In a corner of our garden there's a concrete girl. Year in and year out she stands there both day and night, rain or shine. Nothing seems to faze her. She always has the same mischievous smile on her concrete face.
Yesterday the snow was even thicker than before. When I went out to feed the birds, I noticed the little concrete girl. She was wearing a hairpiece that would have impressed Marge Simpson. Here she is. She hasn't got a name:-
There was so much snow in our street that I didn't even think about reversing Clint into the road. He remains parked up in front of our house with a good ten inches of snow on his roof. Instead, I donned my snow-gear and set off to The Porter Valley. I aimed for Forge Dam Cafe,looking forward to a big cup of hot chocolate and a toasted teacake.
On the way, I passed a memorial to one of the great figures of Sheffield's proud steel history - Thomas Boulsover (1705 - 1788). This clever fellow invented Sheffield plate - a process whereby base steel is coated in silver. He used this discovery in the manufacture of millions of metal buttons which made him a very rich man. He went on to produce other specialised metal products including saws and surgical instruments. This was before the arrival of stainless steel which incidentally was also invented in Sheffield by Harry Brearley in 1912.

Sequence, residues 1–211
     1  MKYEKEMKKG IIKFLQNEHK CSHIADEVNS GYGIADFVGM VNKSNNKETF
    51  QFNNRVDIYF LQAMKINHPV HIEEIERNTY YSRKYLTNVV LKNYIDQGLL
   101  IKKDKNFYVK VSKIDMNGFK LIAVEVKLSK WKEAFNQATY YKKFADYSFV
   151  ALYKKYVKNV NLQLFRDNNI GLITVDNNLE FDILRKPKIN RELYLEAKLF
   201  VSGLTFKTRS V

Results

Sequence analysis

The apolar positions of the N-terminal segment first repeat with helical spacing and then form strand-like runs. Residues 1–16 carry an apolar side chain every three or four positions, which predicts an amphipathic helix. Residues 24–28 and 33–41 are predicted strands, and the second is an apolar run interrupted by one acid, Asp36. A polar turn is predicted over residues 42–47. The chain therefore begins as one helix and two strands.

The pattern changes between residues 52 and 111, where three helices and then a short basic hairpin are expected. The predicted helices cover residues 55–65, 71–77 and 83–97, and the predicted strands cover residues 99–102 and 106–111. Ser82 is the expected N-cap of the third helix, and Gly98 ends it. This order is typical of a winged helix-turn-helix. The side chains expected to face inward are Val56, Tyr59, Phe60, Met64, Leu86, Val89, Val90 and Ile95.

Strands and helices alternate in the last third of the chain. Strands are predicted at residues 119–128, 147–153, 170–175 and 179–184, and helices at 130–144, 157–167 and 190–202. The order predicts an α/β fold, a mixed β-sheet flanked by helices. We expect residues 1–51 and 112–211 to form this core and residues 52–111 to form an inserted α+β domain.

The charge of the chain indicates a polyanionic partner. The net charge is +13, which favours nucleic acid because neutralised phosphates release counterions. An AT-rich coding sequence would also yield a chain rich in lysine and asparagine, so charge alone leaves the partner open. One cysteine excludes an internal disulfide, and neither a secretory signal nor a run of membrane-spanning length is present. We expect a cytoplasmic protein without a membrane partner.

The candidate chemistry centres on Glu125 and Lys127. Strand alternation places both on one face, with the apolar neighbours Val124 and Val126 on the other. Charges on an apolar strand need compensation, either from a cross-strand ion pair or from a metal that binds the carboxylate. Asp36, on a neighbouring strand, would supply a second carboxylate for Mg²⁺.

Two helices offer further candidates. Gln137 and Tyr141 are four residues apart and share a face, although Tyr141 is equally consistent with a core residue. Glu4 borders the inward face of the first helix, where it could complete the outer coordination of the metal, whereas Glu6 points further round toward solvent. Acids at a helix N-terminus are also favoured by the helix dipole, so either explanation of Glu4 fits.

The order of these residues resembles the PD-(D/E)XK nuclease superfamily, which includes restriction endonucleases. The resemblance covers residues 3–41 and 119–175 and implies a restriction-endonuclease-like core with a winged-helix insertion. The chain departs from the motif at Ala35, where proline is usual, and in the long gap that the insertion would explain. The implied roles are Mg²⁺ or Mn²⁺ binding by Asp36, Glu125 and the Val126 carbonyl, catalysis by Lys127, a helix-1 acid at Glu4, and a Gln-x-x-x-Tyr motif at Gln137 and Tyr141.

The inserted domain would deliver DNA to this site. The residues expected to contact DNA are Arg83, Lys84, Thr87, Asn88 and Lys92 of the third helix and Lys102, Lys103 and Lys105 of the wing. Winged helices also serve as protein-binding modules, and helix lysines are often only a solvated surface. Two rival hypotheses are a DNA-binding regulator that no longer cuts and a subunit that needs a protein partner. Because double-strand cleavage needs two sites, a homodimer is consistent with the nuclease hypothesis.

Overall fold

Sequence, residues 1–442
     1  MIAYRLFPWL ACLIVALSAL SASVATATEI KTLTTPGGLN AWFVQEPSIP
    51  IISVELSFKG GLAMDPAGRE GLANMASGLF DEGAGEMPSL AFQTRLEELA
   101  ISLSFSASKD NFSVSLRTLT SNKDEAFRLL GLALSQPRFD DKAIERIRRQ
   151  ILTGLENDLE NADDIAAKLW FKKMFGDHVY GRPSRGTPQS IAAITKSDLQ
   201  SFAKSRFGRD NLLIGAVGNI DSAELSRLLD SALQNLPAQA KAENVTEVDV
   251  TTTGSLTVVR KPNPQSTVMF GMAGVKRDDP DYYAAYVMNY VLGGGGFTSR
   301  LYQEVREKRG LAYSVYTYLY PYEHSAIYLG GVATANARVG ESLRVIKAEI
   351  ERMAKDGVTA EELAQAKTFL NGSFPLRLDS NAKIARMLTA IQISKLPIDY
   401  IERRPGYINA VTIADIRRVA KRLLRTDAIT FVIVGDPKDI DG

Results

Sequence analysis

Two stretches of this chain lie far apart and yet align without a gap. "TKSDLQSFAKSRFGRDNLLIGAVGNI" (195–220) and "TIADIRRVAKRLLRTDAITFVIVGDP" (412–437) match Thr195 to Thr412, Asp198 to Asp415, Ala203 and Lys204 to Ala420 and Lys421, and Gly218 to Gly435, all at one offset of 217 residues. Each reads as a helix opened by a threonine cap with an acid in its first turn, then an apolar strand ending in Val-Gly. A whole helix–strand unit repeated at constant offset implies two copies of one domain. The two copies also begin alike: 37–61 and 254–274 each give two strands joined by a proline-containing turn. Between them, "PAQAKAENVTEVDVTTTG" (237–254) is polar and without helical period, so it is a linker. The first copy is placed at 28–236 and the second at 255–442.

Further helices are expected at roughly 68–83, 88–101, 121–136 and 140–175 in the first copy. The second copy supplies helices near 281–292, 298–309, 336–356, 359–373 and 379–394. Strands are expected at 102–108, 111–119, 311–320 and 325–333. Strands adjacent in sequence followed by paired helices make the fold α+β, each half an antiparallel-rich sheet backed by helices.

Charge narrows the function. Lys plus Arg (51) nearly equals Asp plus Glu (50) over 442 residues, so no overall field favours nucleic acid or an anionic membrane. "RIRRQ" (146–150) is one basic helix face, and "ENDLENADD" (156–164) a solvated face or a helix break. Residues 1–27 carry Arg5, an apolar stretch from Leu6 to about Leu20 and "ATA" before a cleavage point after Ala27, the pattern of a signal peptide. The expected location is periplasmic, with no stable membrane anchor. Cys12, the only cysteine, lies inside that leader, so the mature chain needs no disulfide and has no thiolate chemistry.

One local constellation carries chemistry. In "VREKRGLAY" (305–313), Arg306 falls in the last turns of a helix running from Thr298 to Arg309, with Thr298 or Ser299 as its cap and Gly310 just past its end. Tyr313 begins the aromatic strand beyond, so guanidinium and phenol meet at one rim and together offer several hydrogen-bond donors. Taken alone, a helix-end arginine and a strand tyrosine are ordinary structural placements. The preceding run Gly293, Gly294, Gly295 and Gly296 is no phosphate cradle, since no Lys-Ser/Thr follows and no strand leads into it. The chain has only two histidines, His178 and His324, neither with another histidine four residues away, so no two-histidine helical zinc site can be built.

After twenty minutes in the cafe, I set off up the side of the valley towards Bents Green. By now fierce wind was whipping the snow as schoolchildren careered down the slopes on plastic toboggans. I thought of the first toboggan I ever rode - made by my step-grandfather from waste wood, a length of rope and two strips of steel that acted as runners. Back in my East Yorkshire home village we would have died for just one of the many marvellous sledging hills around Sheffield.
I bought a steak pie in the butcher's shop at Bents Green. Two and a half hours after setting off from our house I was back with rosy cheeks and a head of hair that bristled with static electricity thanks to my thermal ski hat. The concrete girl's head of hair had grown even taller in her sheltered corner.
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